On the baseball calendar, this was opening day. For
He never wanted to leave. He was 18 when he signed with the
On the first day of the rest of his baseball life, the schedule brought him to
He sat in the visiting dugout Monday, nearly three hours before game time, wearing a T-shirt that read "Rockstar GM," with a silhouette of the general manager that believed in him, A.J. Preller of the
He tried nonchalance to deflect the question of how much he cared about the reception he would receive. "We'll see," he said. But he kept talking, and emotion seeped out before anyone could ask another question.
"Yeah, I guess I care," Kemp said. "I left my heart and soul on the field for the Dodgers."
He was miscast as a leader by the Dodgers ownership group, at least in a clubhouse where
"I feel like a singer now," Kemp said.
The Padres love him, as a guy who wears outrageously gold sneakers, leads the team basketball shooting competition, and raises the decibel level in a mild clubhouse. And, most of all, as a guy who picked up where he left off here last summer, as one of the best hitters in baseball.
Rare is the hitter who can say he has a career batting average of .667 against Kershaw. Kemp faced Kershaw three times, recording a single and double and driving in all three San Diego runs.
"He's the best pitcher in baseball, hands down," Kemp said.
A few questions and a few answers later, the assessment had changed, slightly.
"I like facing the best," Kemp said. "He is one of the best."
The Dodgers know how to get Kemp out better than any team in baseball, but they knew better than to say so Monday.
"Clayton and I had never called pitches with Matt at the plate before," catcher
"I've known Matt since rookie ball back in 2003 and I don't think I've ever sat behind home plate when Matt was hitting. That was bizarre, pretty surreal."
The San Diego players were not a downbeat bunch after the game, even though the Padres had staved off Kershaw and handed a 3-2 lead to the bullpen.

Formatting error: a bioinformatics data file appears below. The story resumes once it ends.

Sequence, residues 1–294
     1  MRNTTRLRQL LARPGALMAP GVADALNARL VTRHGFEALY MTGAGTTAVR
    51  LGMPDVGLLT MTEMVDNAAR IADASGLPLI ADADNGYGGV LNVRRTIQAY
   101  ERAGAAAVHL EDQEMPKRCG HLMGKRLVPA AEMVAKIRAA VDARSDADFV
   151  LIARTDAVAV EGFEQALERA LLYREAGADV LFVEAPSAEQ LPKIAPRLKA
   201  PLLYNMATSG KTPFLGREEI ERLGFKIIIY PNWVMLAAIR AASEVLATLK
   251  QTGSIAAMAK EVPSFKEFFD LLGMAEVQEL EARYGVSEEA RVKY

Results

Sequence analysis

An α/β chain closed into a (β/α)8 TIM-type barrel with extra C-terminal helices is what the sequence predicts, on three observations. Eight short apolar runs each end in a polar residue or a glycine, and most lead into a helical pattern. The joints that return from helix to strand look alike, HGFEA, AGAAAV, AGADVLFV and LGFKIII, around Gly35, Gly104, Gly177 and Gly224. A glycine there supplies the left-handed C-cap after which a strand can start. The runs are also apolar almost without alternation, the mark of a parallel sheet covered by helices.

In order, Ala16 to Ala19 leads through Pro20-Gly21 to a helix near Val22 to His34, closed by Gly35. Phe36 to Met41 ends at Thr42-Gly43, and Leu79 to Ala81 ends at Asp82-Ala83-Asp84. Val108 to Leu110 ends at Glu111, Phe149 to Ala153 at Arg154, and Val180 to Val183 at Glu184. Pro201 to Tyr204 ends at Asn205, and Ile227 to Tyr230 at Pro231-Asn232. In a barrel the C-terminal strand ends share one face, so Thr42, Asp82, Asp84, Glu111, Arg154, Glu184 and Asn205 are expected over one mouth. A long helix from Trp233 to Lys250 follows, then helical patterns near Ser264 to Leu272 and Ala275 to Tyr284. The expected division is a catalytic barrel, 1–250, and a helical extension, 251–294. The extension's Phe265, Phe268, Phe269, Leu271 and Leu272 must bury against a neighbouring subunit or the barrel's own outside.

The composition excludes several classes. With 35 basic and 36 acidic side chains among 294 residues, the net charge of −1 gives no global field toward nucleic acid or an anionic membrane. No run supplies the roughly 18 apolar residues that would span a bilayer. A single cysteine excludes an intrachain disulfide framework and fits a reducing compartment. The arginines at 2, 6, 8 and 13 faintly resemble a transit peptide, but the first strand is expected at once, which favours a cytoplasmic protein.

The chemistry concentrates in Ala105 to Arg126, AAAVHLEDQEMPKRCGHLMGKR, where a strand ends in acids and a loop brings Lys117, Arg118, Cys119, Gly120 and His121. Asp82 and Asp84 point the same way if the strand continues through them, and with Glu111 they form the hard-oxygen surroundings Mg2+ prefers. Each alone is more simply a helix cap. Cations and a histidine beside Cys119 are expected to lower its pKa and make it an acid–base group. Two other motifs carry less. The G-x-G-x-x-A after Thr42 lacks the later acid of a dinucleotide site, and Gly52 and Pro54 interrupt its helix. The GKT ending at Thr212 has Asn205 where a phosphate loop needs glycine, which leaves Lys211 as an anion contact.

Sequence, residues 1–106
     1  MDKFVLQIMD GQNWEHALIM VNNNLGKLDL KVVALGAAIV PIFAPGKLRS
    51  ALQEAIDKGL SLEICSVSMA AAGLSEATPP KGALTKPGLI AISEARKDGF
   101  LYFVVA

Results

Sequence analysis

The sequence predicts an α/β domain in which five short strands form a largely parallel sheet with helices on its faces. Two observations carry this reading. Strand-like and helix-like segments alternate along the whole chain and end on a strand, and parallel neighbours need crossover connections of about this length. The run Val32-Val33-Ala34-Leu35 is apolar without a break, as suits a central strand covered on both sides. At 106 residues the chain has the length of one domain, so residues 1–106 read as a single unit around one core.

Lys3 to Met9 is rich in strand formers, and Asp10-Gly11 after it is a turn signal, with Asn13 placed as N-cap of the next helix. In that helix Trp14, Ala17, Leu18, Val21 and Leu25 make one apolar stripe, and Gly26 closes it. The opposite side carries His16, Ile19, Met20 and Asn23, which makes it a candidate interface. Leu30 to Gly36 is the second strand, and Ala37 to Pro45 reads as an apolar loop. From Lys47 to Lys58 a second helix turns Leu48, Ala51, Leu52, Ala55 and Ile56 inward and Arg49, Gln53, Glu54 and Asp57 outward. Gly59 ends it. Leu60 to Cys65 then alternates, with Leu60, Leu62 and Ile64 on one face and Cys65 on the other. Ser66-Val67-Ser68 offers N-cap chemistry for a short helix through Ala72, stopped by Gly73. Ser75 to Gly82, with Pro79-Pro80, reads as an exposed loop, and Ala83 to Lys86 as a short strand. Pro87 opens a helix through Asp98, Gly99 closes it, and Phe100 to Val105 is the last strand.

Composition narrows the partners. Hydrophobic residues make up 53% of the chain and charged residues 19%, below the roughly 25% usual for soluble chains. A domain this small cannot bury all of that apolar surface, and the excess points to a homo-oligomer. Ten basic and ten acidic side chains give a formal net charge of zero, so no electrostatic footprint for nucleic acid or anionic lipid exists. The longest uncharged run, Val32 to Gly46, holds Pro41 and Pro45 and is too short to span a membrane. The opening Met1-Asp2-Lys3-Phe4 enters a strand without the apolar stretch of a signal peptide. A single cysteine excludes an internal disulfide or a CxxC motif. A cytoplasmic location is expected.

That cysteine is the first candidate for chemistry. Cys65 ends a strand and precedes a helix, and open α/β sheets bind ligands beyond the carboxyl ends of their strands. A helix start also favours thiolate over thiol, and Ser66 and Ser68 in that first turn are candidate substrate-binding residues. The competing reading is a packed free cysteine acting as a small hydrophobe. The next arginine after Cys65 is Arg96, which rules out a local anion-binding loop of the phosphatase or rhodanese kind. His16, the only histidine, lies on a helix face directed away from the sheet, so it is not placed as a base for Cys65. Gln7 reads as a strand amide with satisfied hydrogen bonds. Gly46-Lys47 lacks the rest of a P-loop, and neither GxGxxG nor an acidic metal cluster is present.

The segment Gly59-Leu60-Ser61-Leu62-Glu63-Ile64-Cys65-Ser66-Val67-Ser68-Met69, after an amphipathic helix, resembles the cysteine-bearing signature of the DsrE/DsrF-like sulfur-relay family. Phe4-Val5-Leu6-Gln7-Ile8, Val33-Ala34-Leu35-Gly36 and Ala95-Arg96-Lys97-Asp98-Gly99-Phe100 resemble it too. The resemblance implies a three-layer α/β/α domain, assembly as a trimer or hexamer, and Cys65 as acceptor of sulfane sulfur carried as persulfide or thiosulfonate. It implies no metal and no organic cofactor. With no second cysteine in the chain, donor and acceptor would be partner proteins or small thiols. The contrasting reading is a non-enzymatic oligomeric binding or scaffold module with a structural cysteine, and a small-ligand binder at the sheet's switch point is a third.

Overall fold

The Padres struck out 12 times. Their defense was hideous — Howie Kendrick took an extra base on Kemp in right field, center fielder
They welcomed baseball's best closer,
That left Manager
"There's a game tomorrow," Black said. "There's a game the next day. There's a game the day after that. You can't use relievers every single day."
Kemp maintained his sunny mood after the game. The tattoo across his back reads "Living for the moment," and this moment was good.
The Dodgers' fans had cheered him, long and loud, many of them rising to their feet to applaud.
"It was overwhelming," Kemp said. "It was great to come back here and get the love that I got."
He even got a nod from Kershaw, who stepped off the pitching rubber so Kemp could doff his helmet toward the fans.
"Kershaw is a very respectful person," Kemp said. "I've got a lot of respect for him. I feel he has a lot of respect for me."
Said Kershaw: "He's a good hitter. He got the best of me today."
Kemp laughed about the boos he got later in the game, when the homecoming serenade was over and he was officially an enemy. He put on his hat, and his leather jacket, and he smiled. He had a few extra dollars.